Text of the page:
JACKSONVILLE, Fla. — For a time, it seemed to many people that Ray Elliot Dukes III was a living testament to what hard work, perseverance, prayer and a true desire to leave street life behind can do for a person.
Dukes performed masterfully on the gridiron at Raines High School and many years later at Edward Waters College where he served all four seasons as the captain of the football team.
Dukes though had less success on the streets of Jacksonville where he was caught with drugs, guns and wads of cash.
In December 2017, Dukes was shot in the chest as he left a store. He survived. In July, shots were fired at him and an acquaintance. The acquaintance died.
Dukes told a woman he considered to be a second mother to him that he was afraid they — whoever they were — were coming for him next.
Doretta Cromartie checked in regularly with Dukes to make sure he was OK. He went to work faithfully each day, he spent time with his four daughters, he generally kept his head down as far as she and others knew.
Dukes’ luck ran out Aug. 17 when he was gunned down in the parking lot of the Normandy Apartments, 8441 Helen Terrace. He had been staying with his aunt.
When police arrived several people in the parking lot were attempting to save the 30-year-old’s life. It was too late. Dukes became Jacksonville’s 102nd homicide victim of the year.
Not that long ago Dukes told a judge and people he was close with that he was desperate to change the course of his life, and it appeared he was doing that.
It was his felony record.
Before graduating from college Dukes worked at a grocery warehouse. He continued working there for a time. He previously worked at Family Dollar. He did landscaping and janitorial work.
But his supervisor at Goodwill, a company known for giving second chances, anticipated better money and a better job in the future for Dukes.
“I told Ray, ’Give it a little bit of time. Get yourself together,‴ Streater said. “With his credentials and degree, I’m sure he would have climbed the ladder here at Goodwill. He was very smart. ... a very good worker. A hard worker.”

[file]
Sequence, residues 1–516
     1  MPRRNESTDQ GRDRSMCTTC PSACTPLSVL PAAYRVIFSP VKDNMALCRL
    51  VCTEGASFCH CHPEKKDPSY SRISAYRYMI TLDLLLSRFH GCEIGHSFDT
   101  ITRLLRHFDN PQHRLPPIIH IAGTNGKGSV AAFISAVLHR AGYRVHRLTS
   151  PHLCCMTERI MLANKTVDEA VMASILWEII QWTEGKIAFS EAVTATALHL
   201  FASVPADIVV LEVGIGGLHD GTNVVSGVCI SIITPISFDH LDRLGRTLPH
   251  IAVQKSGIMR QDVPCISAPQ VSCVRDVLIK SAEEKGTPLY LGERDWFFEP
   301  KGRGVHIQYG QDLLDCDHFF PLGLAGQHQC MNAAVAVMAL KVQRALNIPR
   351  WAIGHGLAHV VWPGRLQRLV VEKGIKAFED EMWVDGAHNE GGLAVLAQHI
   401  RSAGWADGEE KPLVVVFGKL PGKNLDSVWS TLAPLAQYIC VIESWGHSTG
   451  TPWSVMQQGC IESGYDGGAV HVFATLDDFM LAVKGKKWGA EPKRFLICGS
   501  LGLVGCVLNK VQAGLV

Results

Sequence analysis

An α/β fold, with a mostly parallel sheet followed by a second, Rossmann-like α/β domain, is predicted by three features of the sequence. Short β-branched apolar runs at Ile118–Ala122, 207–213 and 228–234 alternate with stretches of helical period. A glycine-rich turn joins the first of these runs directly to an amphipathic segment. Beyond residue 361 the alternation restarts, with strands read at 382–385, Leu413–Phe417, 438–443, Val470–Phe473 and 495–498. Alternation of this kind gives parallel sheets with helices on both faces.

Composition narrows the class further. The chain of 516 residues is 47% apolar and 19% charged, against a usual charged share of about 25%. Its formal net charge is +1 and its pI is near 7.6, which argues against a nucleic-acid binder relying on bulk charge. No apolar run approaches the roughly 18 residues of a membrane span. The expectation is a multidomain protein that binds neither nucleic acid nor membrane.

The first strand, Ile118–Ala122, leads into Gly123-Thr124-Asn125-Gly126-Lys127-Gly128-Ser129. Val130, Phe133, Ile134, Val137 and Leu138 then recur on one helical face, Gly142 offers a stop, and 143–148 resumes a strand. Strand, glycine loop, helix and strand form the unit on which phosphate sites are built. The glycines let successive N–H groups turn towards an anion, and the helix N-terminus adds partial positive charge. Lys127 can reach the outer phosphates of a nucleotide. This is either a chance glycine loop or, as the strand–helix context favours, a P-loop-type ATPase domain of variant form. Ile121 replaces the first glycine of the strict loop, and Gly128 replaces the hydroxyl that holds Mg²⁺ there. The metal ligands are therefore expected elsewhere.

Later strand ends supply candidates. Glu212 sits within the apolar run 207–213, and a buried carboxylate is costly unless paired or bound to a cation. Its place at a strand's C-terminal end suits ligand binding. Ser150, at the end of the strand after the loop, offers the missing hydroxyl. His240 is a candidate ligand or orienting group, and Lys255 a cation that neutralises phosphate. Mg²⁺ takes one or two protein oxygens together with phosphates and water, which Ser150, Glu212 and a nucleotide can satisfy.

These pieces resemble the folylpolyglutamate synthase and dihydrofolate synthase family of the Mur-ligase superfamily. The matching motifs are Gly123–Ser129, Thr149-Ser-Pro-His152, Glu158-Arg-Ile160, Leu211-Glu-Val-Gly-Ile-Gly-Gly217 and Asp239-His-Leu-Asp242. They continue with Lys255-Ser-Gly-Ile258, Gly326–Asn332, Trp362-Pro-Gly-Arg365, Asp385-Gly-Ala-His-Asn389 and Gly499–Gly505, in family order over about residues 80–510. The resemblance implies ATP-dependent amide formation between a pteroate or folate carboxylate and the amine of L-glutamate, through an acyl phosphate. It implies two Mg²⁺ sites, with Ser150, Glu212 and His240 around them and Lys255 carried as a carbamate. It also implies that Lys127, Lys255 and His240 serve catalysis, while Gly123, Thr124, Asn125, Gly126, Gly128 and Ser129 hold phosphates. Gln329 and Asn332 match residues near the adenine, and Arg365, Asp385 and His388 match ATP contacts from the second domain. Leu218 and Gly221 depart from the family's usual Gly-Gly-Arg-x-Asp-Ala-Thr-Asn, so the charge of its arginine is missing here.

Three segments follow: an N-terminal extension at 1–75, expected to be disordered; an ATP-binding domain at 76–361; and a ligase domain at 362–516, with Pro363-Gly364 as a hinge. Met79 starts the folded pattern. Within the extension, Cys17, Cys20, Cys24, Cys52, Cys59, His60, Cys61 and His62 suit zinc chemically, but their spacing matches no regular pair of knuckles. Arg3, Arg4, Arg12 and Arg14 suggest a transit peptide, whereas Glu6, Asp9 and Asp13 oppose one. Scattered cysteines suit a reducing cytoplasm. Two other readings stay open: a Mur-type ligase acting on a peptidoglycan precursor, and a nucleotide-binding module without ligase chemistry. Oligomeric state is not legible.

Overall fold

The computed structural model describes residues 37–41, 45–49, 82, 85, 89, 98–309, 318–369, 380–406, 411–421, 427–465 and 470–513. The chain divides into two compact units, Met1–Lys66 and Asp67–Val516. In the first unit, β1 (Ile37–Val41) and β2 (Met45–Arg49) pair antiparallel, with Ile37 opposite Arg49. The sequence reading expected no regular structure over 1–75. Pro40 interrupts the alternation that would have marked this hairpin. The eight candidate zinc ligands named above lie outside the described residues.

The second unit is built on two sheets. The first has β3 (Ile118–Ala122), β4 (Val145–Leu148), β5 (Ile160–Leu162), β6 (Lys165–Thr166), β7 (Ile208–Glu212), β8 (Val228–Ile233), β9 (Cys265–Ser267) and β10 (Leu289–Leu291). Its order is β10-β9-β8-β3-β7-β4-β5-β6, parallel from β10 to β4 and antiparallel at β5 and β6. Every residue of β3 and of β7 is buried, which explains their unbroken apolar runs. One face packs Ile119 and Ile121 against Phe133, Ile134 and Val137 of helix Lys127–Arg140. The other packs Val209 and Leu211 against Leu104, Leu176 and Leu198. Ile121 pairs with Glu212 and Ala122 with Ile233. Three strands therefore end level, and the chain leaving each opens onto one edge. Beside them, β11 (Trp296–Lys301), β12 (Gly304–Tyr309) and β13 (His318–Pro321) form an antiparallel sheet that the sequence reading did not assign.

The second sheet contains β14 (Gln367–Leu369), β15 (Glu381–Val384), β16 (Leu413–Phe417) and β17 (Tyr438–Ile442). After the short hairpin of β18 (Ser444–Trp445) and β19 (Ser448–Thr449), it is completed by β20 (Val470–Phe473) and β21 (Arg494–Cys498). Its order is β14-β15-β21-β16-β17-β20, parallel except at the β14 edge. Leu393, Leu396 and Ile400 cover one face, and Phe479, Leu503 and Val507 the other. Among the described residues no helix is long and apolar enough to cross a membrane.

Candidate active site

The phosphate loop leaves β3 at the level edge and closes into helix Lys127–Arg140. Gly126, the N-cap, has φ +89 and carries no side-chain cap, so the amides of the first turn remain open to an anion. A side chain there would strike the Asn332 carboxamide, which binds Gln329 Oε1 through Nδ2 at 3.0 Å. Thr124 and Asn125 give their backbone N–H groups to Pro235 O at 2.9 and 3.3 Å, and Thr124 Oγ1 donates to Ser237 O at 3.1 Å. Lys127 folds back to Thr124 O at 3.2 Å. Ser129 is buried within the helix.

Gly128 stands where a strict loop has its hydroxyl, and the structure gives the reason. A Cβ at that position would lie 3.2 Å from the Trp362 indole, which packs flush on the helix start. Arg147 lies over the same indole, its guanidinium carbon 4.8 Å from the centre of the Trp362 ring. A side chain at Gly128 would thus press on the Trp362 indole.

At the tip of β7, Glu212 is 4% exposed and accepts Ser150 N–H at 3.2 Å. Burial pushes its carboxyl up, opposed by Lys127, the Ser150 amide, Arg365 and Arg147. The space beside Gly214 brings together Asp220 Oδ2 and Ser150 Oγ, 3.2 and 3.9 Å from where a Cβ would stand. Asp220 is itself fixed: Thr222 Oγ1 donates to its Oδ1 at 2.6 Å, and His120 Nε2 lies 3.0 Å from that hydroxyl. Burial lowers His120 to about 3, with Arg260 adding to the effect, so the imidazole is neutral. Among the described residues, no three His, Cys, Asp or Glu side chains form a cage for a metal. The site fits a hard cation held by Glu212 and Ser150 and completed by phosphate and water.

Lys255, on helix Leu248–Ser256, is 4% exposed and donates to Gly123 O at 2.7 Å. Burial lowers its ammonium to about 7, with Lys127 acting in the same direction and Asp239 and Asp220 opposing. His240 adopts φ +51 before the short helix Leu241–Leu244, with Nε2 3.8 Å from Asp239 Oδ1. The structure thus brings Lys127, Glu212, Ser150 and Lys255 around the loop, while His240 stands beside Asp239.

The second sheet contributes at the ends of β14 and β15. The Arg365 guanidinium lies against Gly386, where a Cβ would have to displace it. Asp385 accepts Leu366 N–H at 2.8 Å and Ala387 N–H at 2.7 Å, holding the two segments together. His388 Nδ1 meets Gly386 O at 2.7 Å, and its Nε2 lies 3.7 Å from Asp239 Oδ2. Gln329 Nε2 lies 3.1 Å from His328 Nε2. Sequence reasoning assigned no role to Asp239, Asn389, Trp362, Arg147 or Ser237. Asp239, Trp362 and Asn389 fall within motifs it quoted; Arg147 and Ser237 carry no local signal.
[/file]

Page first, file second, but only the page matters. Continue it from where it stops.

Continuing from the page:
Dukes was willing to start at the bottom and prove that the old days were over.
Dukes anchored the team.
“Every time he touched the ball, it was nice,” Cromartie said.
School officials knew he had a tough upbringing.
“It was a tough area, but he was loved by everybody in that community because he was such a good football player,” Cromartie said.
Cromartie and his wife knew Dukes wanted help, they did what they could in college and in the years afterward.
“He got the degree. He didn’t have to walk. He walked many years to get it,” she said.
Nat Glover, the now-retired president of Edward Waters College and former sheriff, said Dukes offered so much potential as someone who could turn his life around and go back into his community and show other youths that there is a better life out there.
“He was one of those individuals that we take pride in,” Glover said. ”... They can do so much good and that is what we were hoping he would do.”
Instead, the life of the former high school and college star ebbed away in the parking lot of a Westside apartment complex.